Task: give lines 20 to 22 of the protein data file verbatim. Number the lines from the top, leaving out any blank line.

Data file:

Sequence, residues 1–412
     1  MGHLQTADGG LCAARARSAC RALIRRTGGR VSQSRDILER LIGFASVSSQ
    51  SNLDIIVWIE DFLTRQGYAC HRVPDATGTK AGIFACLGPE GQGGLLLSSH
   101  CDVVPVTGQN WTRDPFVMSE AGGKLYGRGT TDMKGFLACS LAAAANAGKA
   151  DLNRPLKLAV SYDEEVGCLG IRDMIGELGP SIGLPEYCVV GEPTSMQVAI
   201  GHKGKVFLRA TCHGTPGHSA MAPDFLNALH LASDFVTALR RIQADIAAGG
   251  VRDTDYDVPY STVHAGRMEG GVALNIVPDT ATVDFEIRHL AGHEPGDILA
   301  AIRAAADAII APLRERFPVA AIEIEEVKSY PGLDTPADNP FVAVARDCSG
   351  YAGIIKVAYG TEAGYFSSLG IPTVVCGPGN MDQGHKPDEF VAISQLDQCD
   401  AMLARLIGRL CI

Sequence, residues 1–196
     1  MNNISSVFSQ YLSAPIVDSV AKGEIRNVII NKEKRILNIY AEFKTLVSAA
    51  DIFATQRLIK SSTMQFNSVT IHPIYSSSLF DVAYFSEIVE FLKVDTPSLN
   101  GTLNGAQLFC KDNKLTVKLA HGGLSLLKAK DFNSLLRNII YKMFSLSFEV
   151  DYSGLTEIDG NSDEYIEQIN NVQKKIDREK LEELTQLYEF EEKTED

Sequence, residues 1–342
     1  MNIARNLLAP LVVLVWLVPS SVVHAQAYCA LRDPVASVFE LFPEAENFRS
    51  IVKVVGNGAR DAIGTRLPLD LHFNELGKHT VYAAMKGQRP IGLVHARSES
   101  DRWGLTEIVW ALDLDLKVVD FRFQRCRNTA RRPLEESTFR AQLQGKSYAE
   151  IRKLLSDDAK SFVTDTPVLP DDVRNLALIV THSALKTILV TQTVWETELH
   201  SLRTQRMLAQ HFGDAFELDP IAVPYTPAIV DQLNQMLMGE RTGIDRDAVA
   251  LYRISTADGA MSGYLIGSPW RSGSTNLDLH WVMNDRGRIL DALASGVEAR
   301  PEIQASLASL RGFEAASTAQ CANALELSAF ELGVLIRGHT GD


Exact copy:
   151  IRKLLSDDAK SFVTDTPVLP DDVRNLALIV THSALKTILV TQTVWETELH
   201  SLRTQRMLAQ HFGDAFELDP IAVPYTPAIV DQLNQMLMGE RTGIDRDAVA
   251  LYRISTADGA MSGYLIGSPW RSGSTNLDLH WVMNDRGRIL DALASGVEAR